was an aristocrat in instinct, and education; yet he had an utter contempt for what he called frippery (meaning genealogy) and never alluded to his progenitors. Even to his devoted and adored wife, he was wholly reticent upon this point; and she so states in her biography of him. That simply records that his grandfather and two brothers came from Wales and that the first was named Evan. My eldest brother was Colonel Davis' comrade in the Mexican War and his friend later; and my second brother was his confidential ally in the Southern Press editorship at Washington; and later his personally appointed and instructed Commissioner to the Cabinets and press of France, England and Germany. I was at one time constructively his ward; and later acted as his secretary and was intrusted with confidential correspondence. Still, no one of us three ever heard him speak of his grandfather, or uncles; though he spoke of his father, and with deep and warm affection of his eldest brother, Joseph. And as those who know him will recall, Mr. Davis was not the kind of man to be curiously questioned upon matters he did not volunteer. After long and careful tracing through records, correspondence and personal query, I have learned but few, though very interesting details of his immigrating forbears. The eldest of the three Welsh brothers, said to be named Samuel, was drowned from the ship that bore Joseph and Evan Davis to these shores. They settled in Philadelphia, taking up lands for farming; but the elder thought better of the South and went to Georgia and settled there, after stopping in Virginia a while. It was this halt that made slender foundation for the claim that the President of the Confederacy was a Virginian, by descent. After Mr. Davis' death, a Virginian gentleman of the same name wrote to his widow and urged that his grandfather had settled in Virginia, instead of Pennsylvania or Georgia; basing the claim on the fact of numerous land patents to an Evan Davis (doubtless the Welsh incomer); and to John and Thomas Davis (claimed to be his brothers), between the years 1650 and 1662. This is very flimsy basis for a claim; and it is disproved by the traditional fact that one of our three Davises was drowned at sea, and that the other did not come to Georgia with Evan.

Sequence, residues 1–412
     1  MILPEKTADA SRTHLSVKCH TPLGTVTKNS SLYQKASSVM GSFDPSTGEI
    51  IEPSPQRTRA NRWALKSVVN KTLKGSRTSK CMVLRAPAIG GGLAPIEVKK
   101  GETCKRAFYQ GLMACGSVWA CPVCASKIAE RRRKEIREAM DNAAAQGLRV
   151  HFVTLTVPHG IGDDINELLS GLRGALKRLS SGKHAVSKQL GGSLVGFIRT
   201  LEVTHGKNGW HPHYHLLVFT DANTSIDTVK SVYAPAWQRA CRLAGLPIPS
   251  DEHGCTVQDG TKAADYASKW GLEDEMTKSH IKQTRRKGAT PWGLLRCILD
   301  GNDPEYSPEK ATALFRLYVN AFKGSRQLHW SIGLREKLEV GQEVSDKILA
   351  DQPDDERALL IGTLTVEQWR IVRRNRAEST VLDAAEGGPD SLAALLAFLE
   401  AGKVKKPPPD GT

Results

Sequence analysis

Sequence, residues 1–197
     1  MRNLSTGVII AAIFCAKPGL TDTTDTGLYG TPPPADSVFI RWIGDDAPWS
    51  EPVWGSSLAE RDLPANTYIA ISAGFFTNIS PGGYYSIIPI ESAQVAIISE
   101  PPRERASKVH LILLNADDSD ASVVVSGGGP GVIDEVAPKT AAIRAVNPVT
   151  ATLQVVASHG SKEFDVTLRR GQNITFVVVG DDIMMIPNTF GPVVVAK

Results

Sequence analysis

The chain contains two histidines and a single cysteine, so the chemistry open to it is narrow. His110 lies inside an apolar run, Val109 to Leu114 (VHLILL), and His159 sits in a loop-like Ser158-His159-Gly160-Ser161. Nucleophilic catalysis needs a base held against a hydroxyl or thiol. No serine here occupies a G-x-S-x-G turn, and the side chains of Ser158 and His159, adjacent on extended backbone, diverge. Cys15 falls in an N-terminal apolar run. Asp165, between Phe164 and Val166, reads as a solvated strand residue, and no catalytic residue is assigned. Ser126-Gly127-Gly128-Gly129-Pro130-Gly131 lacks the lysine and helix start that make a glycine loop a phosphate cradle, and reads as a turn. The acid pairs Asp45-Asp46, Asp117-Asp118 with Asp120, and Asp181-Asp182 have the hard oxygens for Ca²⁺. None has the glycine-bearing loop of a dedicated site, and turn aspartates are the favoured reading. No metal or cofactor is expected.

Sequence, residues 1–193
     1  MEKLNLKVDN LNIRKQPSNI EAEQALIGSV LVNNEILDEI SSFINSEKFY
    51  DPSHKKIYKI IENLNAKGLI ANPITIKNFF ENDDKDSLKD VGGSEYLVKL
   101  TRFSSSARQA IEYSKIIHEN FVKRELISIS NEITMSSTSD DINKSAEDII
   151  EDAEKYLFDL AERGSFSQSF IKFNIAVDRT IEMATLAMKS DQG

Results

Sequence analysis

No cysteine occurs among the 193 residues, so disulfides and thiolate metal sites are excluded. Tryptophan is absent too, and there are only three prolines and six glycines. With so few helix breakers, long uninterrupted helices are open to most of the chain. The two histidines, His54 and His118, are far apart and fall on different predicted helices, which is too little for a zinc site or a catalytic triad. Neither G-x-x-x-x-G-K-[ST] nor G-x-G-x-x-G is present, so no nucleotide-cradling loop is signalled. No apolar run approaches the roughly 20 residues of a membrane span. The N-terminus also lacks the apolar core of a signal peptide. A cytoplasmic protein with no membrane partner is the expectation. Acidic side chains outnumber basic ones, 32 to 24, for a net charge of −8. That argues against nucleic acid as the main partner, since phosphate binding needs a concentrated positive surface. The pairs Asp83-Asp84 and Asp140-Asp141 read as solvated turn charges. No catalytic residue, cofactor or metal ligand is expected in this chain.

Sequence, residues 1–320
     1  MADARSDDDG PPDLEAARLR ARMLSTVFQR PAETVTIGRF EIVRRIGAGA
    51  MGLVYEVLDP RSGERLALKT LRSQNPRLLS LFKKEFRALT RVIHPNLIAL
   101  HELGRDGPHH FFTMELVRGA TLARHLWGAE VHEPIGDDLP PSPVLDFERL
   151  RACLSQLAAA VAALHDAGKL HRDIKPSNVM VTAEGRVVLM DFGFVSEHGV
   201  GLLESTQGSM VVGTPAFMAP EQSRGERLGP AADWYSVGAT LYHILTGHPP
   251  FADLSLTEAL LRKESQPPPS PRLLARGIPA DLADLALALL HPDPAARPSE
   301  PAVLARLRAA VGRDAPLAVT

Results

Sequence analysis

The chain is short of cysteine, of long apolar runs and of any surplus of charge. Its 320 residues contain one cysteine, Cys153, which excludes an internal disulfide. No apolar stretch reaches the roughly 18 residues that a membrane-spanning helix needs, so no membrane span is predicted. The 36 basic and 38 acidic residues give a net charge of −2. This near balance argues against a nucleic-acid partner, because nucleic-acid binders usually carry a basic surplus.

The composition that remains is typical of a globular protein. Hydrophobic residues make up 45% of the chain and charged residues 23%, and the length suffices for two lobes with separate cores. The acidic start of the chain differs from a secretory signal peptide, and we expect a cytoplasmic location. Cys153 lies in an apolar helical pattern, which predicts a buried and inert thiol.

This text is part of:
Table of Contents:
Roster of the Alstadt Grays .
The Keysville Guards.
Brilliant Page in history of War. From the Birmingham age-herald, February 4 , 1906 .
Was a Bloody fight.
The slaughter below the Heights .
Virginia Battlefield Park .
Mr. Leigh Robinson 's address.
New England forced slavery.
Constitution and the Constitution .
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